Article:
Dr. Cherniack and Darlene Boucher of the nursing staff were instrumental in designing this unit. In addition to learning from the polio epidemic in the early 1950s, Dr. Cherniack also travelled to other hospitals and units throughout North America and Europe. Of particular influence was the very modern intensive care unit that opened in the 1950s at the Bispebjerg Hospital in Copenhagen following a polio outbreak in Denmark in 1952.

The ICU opened as a twenty-two bed unit and was adjacent to the Dialysis Unit, the Recovery Room, and the Operating Rooms on H7. There were six isolation rooms and one large ward with eight two-bed cubicles, as well as two nursing stations. Several auxiliary services also supported the Unit: there were two large supply areas and a small laboratory where measurements of arterial blood gas tensions and Ph, blood and urine electrolytes, serum osmolality and the blood volume could be determined. The Unit was staffed by a medical director and two assistant directors, as well as a team of nurses. There was to be one nurse in constant attendance of each isolation unit and one nurse for each two-person cubicles. The Unit opened on 23 September 1966 with Dr. Reuben M. Cherniack as Unit Director, Doctors Bryan W. Kirk, T.E. Cuddy, and A.R. Downs as Associate Directors, Enid Hassett as Unit Supervisor, and Judith Hindle and Gwen Galbraith as nursing instructors.

Every detail of patient care was taken into consideration when planning the space, right down to the window drapes, which were enclosed between two panes of glass to ensure that dust would not spray out and affect the patients when the drapes were opened or closed. Different air pressures were also used throughout the Unit in order to prevent cross-contamination: patient-care areas had higher air pressure than other spaces so that drafts would move outwards, and the six isolation rooms all had their own ventilation systems. The ICU was the last department to open following the renovations of the H Wing largely because of the level of detail put into its design.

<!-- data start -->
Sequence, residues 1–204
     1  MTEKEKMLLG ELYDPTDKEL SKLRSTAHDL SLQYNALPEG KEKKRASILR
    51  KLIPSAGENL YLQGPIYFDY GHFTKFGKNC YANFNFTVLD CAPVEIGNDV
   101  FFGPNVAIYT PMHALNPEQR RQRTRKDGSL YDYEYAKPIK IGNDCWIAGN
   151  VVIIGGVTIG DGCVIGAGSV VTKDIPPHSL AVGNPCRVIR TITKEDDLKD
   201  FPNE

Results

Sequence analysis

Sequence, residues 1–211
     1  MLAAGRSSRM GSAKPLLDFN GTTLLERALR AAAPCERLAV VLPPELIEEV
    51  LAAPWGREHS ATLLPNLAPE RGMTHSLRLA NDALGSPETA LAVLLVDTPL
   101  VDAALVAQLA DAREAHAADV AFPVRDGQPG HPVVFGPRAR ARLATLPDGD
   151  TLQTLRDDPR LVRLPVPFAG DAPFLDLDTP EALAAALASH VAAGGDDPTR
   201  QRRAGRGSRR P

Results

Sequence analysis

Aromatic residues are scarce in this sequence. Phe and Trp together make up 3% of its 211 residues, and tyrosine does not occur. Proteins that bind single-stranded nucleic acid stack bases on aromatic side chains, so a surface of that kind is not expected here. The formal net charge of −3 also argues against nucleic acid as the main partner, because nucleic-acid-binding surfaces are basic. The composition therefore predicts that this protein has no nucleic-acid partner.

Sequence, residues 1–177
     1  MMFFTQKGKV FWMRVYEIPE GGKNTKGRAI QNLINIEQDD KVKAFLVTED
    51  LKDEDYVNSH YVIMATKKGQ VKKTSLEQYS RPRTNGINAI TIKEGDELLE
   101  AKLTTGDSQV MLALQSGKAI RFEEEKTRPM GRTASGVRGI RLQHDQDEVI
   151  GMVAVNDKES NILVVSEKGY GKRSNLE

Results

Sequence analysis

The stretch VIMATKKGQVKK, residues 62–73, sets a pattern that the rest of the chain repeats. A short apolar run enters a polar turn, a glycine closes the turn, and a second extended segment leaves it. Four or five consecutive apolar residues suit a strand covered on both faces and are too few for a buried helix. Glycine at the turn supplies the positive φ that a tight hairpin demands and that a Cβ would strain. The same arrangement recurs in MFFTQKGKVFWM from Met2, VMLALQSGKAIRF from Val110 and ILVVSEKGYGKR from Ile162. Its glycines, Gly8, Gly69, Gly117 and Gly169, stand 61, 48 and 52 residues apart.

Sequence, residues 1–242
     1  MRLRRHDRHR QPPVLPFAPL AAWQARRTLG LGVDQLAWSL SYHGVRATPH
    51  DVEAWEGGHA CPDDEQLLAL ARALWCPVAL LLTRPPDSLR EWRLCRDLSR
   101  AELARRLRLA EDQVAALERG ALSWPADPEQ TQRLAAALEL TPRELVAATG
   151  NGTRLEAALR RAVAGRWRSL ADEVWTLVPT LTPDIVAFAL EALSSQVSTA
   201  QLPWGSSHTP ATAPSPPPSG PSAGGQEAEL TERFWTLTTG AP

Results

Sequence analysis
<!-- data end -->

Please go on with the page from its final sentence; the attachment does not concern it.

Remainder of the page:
Other functional design decisions included a raised nursing station in the centre of the Unit, which allowed nursing staff to survey the entire Unit from one centralized location. An electronic console was installed in the nursing station where information was fed from bedside monitors. This central station also benefited teaching because students could be instructed directly from the nursing station, rather than crowding around a patient’s bed.

“And that, by the way, was the philosophy of the time: you looked at clinical problems, you took them to the lab to sort out, you brought them back to the bedside, you went back to the lab. And you kept going through the improvemnet loop until you got it right. The setting was perfect, because you had the clinical experience, you had not only the lab there, but  also a very, very active Department of Biomedical Engineering, that was very innovative and developed many of the tools we needed, and a very active group of Respiratory Therapists that were very keen to come up with new things – and did.”